Trees grow all over the world, in many different types of weather


5 - 12+


Biology, Ecology, Geography, Physical Geography

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Morgan Stanley

Trees grow all over the world, in many different types of weather. But above certain elevations, trees just cant grow. Think of it like this: someone draws a horizontal line on a mountainside; above that line, there are no trees. This imaginary line on Earth is called the timberline, or the tree line. The timberline is usually a point where there isnt enough air, heat, or water to keep trees alive.

Although the timberline often seems abrupt from a distance, on the ground you can observe a gradual change from big, tall trees to stumpy ones. For example, trees at the timberline start to look more like low bushes than trees. Small trees need less moisture and less oxygen. The trees will get shorter and shorter until the weather is too harsh for any trees, large or small, to grow.

Sometimes, the timberline can be lowered by natural causes such as fire. Other times, the timberline can be lowered by human activity. Development can lower the timberline when land is used for commercial activity, agriculture, or housing. Even hiking, over a long period of time, can trample saplings or prevent new ones from taking root. This means trees stop growing a lot sooner than they would have otherwise, lowering the timberline.

Pollution can also lower the timberline. Trees need air, water, and soil to survive. If one of those elements is contaminated, entire groves of trees can die. The copper and nickel smelter on the Kola Peninsula in Russia is one of the largest producers of heavy metals in Europe. Trees in the area have large amounts of copper, nickel, lead, and sulfur. These heavy metals have prevented many trees from growing in the cold climate of the natural timberline. The timberline in northwest Russia is lower as a result.

Timberline can climb up as well as climb down. Due to the effects of global warming, the timberline in Canadas Arctic is much higher than it was in the past. Warmer temperatures and greater precipitation have improved growing conditions in the area. The provinces of Yukon and Labrador now have trees such as white spruce and balsam fir growing past what used to be the natural timberline.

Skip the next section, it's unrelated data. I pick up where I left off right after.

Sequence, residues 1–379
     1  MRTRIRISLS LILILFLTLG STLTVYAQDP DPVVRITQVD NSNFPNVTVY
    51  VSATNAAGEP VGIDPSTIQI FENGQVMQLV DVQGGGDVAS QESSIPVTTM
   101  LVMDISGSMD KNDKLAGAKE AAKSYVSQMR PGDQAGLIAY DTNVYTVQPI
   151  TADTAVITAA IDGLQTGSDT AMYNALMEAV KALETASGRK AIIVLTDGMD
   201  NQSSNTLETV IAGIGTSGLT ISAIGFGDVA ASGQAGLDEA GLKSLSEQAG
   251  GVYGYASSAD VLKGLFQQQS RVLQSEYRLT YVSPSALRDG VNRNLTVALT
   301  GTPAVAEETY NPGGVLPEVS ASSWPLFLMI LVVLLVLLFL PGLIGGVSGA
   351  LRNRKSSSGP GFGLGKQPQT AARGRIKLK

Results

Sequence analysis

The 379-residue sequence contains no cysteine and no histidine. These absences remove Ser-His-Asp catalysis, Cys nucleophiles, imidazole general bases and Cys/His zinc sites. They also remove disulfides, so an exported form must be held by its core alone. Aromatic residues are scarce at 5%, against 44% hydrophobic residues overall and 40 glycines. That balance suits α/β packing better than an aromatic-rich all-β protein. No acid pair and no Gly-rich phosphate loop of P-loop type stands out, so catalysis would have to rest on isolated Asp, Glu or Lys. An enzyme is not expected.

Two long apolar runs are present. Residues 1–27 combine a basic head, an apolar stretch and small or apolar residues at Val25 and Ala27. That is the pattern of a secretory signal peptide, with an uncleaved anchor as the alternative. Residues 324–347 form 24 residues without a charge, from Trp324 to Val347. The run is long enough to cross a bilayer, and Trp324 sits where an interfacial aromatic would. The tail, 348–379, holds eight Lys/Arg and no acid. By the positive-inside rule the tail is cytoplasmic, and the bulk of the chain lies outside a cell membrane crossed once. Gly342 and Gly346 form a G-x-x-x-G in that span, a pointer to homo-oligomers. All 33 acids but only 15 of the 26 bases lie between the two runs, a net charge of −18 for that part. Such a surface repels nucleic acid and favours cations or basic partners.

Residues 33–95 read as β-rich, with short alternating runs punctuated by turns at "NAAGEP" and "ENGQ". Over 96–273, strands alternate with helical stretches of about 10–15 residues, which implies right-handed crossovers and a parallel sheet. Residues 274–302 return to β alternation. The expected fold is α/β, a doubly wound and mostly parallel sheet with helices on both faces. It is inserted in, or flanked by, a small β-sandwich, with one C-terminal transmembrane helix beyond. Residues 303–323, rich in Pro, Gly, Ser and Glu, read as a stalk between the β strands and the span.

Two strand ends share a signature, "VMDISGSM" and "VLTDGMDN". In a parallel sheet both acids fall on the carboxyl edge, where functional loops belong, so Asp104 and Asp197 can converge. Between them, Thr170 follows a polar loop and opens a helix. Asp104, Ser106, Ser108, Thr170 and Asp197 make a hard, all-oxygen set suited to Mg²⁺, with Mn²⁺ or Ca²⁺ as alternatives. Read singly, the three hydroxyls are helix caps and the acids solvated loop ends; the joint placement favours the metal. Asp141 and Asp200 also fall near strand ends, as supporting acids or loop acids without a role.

Types of Timberlines

The alpine timberline marks the point where the elevation is too high, and usually too cold, for tree growth. The city of Vail, Colorado, is located near an alpine timberline in the Rocky Mountains. Trees along the Vail timberline include quaking aspen and lodgepole pine.

The desert timberline marks the point where the soil is too dry for tree growth. Youll find this kind of timberline at very low elevations, usually below 1,500 meters (5,000 feet). The desert timberline in the Sonoran Desert of the United States and Mexico features cactus as well as trees like palo verde.

A desert-alpine timberline is the point where the elevation is too high and the soil is too dry for tree growth. Some places, like the slopes of the Mauna Loa volcano in the U.S. state of Hawai'i, are very high up but have low rainfall and a lot of exposure to the sun. The conditions are too dry for tree growth.

Fast Fact

No Timberline
The timberline in Antarctica is purely theoretical: there are no actual trees on the entire continent.

Fast Fact

Tree Line USA
Tree Line USA, a program from the Arbor Day Foundation, supports urban forests.

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Hilary Costa
Erin Sprout
Santani Teng
Melissa McDaniel
Jeff Hunt
Diane Boudreau
Tara Ramroop
Kim Rutledge
Hilary Hall
Mary Crooks, National Geographic Society
Tim Gunther
Jeannie Evers, Emdash Editing, Emdash Editing
Kara West
Educator Reviewer
Nancy Wynne
National Geographic Society
Last Updated

October 19, 2023

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